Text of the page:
AGDC: Graner Ray On Bringing In More Players With Better Tutorials

Tutorial design may create one of the largest barriers to entry in an MMO, according to veteran creator Sheri Graner Ray, who spoke during Austin GDC about ways tutorials can welcome in more players by speaking to a broader variety of learning styles.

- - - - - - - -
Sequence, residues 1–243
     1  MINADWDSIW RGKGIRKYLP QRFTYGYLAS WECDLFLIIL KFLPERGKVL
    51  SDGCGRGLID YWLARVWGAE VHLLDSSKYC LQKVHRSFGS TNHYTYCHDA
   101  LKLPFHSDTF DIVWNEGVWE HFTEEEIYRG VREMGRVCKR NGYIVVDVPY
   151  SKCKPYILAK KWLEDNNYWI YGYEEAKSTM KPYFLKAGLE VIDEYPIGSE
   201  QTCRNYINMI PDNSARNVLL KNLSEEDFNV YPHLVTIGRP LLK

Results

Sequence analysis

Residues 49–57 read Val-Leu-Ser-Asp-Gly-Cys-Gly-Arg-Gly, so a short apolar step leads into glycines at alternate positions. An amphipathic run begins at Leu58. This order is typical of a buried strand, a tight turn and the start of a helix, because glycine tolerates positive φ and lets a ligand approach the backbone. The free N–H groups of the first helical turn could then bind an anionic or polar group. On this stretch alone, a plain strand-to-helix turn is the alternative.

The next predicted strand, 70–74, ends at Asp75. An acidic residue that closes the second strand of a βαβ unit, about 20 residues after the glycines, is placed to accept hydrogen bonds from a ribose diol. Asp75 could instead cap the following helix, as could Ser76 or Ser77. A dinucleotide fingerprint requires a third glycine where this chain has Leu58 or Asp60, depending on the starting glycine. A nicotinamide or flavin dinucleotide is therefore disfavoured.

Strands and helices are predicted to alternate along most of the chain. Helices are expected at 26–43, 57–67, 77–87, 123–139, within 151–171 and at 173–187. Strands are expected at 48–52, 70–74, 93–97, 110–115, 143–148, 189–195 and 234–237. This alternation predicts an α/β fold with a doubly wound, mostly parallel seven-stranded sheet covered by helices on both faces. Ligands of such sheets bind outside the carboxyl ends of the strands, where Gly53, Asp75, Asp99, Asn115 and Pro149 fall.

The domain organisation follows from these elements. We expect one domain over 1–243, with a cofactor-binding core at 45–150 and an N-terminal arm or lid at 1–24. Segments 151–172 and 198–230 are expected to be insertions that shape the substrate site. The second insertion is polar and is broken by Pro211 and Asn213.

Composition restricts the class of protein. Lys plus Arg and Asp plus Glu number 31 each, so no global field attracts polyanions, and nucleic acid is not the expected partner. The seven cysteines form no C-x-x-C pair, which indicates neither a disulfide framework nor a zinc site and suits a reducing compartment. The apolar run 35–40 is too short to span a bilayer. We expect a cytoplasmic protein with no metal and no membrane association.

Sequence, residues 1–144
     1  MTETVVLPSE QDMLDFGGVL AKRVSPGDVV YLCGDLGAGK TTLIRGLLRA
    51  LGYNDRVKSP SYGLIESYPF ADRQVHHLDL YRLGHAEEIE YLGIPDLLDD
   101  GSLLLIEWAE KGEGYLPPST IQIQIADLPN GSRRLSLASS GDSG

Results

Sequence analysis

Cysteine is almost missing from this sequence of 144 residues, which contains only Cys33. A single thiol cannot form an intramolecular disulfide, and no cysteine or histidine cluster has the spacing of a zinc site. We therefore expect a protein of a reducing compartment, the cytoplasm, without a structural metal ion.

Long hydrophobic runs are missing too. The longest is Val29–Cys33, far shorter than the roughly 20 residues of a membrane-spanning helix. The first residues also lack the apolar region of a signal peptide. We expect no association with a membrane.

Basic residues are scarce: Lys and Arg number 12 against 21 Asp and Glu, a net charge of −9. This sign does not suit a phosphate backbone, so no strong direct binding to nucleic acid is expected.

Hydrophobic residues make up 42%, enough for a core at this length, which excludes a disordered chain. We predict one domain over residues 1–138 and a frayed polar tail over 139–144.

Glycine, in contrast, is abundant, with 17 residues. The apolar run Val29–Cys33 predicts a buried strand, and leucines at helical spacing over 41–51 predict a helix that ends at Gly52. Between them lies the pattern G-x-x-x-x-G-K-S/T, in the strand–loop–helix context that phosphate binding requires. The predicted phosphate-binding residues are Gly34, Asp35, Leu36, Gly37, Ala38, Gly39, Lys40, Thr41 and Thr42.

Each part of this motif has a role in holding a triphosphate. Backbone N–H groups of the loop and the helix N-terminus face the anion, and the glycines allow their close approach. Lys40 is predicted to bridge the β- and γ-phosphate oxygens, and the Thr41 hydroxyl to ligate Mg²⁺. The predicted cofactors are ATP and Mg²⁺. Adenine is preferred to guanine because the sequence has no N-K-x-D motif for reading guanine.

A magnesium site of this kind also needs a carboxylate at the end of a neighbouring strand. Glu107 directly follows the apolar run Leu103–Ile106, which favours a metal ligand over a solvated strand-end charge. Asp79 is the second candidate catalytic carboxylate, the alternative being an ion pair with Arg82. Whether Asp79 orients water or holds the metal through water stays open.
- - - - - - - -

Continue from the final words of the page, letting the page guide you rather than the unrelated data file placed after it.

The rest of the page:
Tutorial design may create one of the largest barriers to entry in an MMO, according to Sheri Graner Ray, who spoke during Austin GDC about ways tutorials can welcome in more players by speaking to a broader variety of learning styles. The veteran MMO creator and consultant's presentation highlighted the fact that many gamers of both genders, but particularly women, are shut out from understanding games due to the way tutorials are generally designed in games. Graner Ray discussed the three traditional learning styles generally accepted by researchers -- defining 'learning style' being how people choose to receive and process information. Says Graner Ray, "These things are pretty much hard-wired. The way you learn is particular to you. You can learn the other ways, but you have a preferred method." These styles are visual (learning from reading or seeing), aural (learning through hearing, such as from presentations and speeches) and kinesthetic (learning through movement). While anyone can learn in any of these styles, most people find one to be the most comfortable. In the United States, 65 percent of people are visual, 25 percent are aural, and 10 percent are kinesthetic. But alongside these are two other "learning acquisition styles," according to Graner Ray, methods of learning independent of the other three methods: explorative and imitative. These are generally (but far from exclusively) male and female traits, respectively. Explorative learners, who tend to be male, are risk-takers who "want to push the boundaries on what they want to do" and tend to make mistakes but keep trying to learn -- gamers who jump in without reading the manual. "It's experiential," she says. "It's all about experiencing the learning." Imitative or modeling learners, on the other hand, "want to understand how something works before they put their hands on it." They're projective, and want to understand the outcome before they begin to try something -- they tend to be highly observational. Graner Ray used to work on arcade games, and notes that their "attract loops," the repeating gameplay excerpts shown on screen when nobody is playing, are not actually intended to to teach or explain. "It's basically set up to attract the explorative learner," she says. Graner Ray recalled a virtual reality ride at a Disney park on which she consulted. The ride, which included a VR headset, was filmed and the attendees filled out questionnaires after the ride. While the film showed that the women by and large enjoyed the ride, very few of them said they would recommend it. Graner Ray advised Disney to let the people waiting in line see the headset and learn how it works before the ride began. Once that step was undertaken, Disney "had a 20 percent increase of acceptance to the female riders." How Does This Affect MMOs Anyone who has worked on an MMO or attended a talk about the business side knows that churn rate and retention is a major hot-button issue. According to Graner Ray, "How your player learns your game affects whether your player will continue to play your game... and the way we develop these MMOs, we need the stickiness factor... and the first place we need to start is the tutorials." Tutorials as formulated today are predominantly explorative learning. Graner Ray says,"the vast majority of women who were brought into an MMO were brought by a partner or a friend." She proceeded to critique tutorials of games, noting that in an unofficial poll carried out by the IGDA women's SIG, EverQuest 2 had "one of the best tutorials" because it gave close directions and explained the consequences of in-game actions. On the other hand, World of Warcraft does not fare so well, with an environment that is explored and optional exclamation mark buttons to click for more info. Says Graner Ray, "With all due respect to WoW, this has to be the most completely explorative tutorial I have ever come across... there is no text. There is no text unless you know to click the exclamation points... do you think an imitative learner will click these exclamation points?" Ray thinks that tutorials present too much information and present it too early, offering large boxes of text fill of information long before the player knows why that info is relevant -- Graner Ray pointed to City of Heroes' invention system tutorial as an example. "Early tutorials should teach basic actions," says Graner Ray. Sub-systems such as crafting, markets, auctions, and combat sub-systems "are either taught into the initial tutorial or they are not taught at all." That's not acceptable, in her view. How To Do It Right Graner Ray believes the Video Professor series of computer learning videos does things just right for imitative learners, but with a solution that can work for everyone: "They will tell you what to do, both in audio and reading. They then show you what to do and what will happen. 'And now you try it!' And they allow you to repeat this activity until you are comfortable with it and move onto the next lesson. They basically teach everybody." Thus, Graner Ray believes that tutorials should be designed to appeal to all behavior models. "If we make learning uncomfortable or force the learning to be uncomfortable for them, how likely are they going to stick around? They're going to go try something that's more fun for them." She notes that you can "look at software titles and some academic models for examples. They know their market and they are not ashamed to admit their market may not be them." It's crucial to note, "Once imitative learners begin to understand the basics they will become more explorative... once the risks have been outlined." Questions and Answers When asked if people are self-aware of their learing styles, and if publishers could provide two tutorials, Graner Ray says, "No, I don't think people are. I've given a lot of talks in and around this subject. I've seen the women in the audience elbowing the guys and saying, 'Hey, that's me.'" One audience member noted that Rosetta Stone language programs allow you to pick a learning style, and another noted that some causal online games allow you to observe play sessions before you join in yourself -- a boon for modeling learners. When asked about female WOW players' frequent reliance on outside sites that tell you what's coming up -- like Thottbot -- they can reference and find out what's upcoming. The question is -- do any games incorporate this? Graner Ray says, "No, and I wish they would. Because I don't think that sending your player outside of your game to learn about your game is a particularly smart idea." Asked if adaptive tutorials based on player response to the tutorials could be made available -- i.e. a player who skips the tutorials frequently would not get them, and a player who asks for more info could get it, Graner Ray allowed that it would be a good idea but notes, "Have I seen a tutorial that builds on that? I have not. Unfortunately for every MMO I have worked on, the tutorial comes in the last two weeks [of development]." Even the friendly "newbie zone" caters to the explorative learning, per Graner Ray. "What we've done in MMOs and what we tend to lean toward is building an enviroment for the new player to explore that is essentially a safe environment... the newbie zone. For our explorative learners, we've given them safe zones to explore." But that doesn't work for imitative learners. When challenged, Graner Ray offered an emphatic "no" to the suggestion that imitative learners could be shaped into explorative learners. "If you are not an explorative learner, no amount of explorative learning is comfortable... until you are familiar with the interface." And since MMOs are so complicated, "I think that when you get this complex, no. It may be a short modeling time" if they are familiar with the workings of the genre. When asked if she thinks tutorials have gotten better or worse over time, Graner Ray points to the fact that MMOs assume their players are generally familiar with the genre as being a big detriment to appeal to new players. "The biggest problem we have with MMO tutorials today is that we assume our players have already played a lot of MMOs. In that sense I think they've gotten worse," she says. "I think more attention is being paid to tutorials. But I think we make too many assumptions about our players." One commenter asked if a "click here for more info" button could work, but Graner Ray was not sure. "I would tend, for the pure modeling learner, I would take them to a place ... and break the [fourth] wall. I would say show me about this if you've made it clear." Asked about adapting the BioShock hint system, which starts dropping increasingly explicit solutions to problems over time as the player does not achieve the intended goal of the game design, "Yes, I think that would be a lovely way to do it." She calls that a "clue" system and thinks the blurring of hint and tutorial systems is a good way forward.